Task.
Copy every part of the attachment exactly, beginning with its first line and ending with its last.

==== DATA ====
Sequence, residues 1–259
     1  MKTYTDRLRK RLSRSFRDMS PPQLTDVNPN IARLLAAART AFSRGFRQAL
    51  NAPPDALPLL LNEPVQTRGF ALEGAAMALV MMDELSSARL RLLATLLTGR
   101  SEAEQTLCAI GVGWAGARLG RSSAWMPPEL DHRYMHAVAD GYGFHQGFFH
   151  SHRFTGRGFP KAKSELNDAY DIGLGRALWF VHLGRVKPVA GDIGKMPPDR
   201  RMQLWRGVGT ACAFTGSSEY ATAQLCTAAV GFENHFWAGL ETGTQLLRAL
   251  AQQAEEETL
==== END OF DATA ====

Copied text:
Sequence, residues 1–259
     1  MKTYTDRLRK RLSRSFRDMS PPQLTDVNPN IARLLAAART AFSRGFRQAL
    51  NAPPDALPLL LNEPVQTRGF ALEGAAMALV MMDELSSARL RLLATLLTGR
   101  SEAEQTLCAI GVGWAGARLG RSSAWMPPEL DHRYMHAVAD GYGFHQGFFH
   151  SHRFTGRGFP KAKSELNDAY DIGLGRALWF VHLGRVKPVA GDIGKMPPDR
   201  RMQLWRGVGT ACAFTGSSEY ATAQLCTAAV GFENHFWAGL ETGTQLLRAL
   251  AQQAEEETL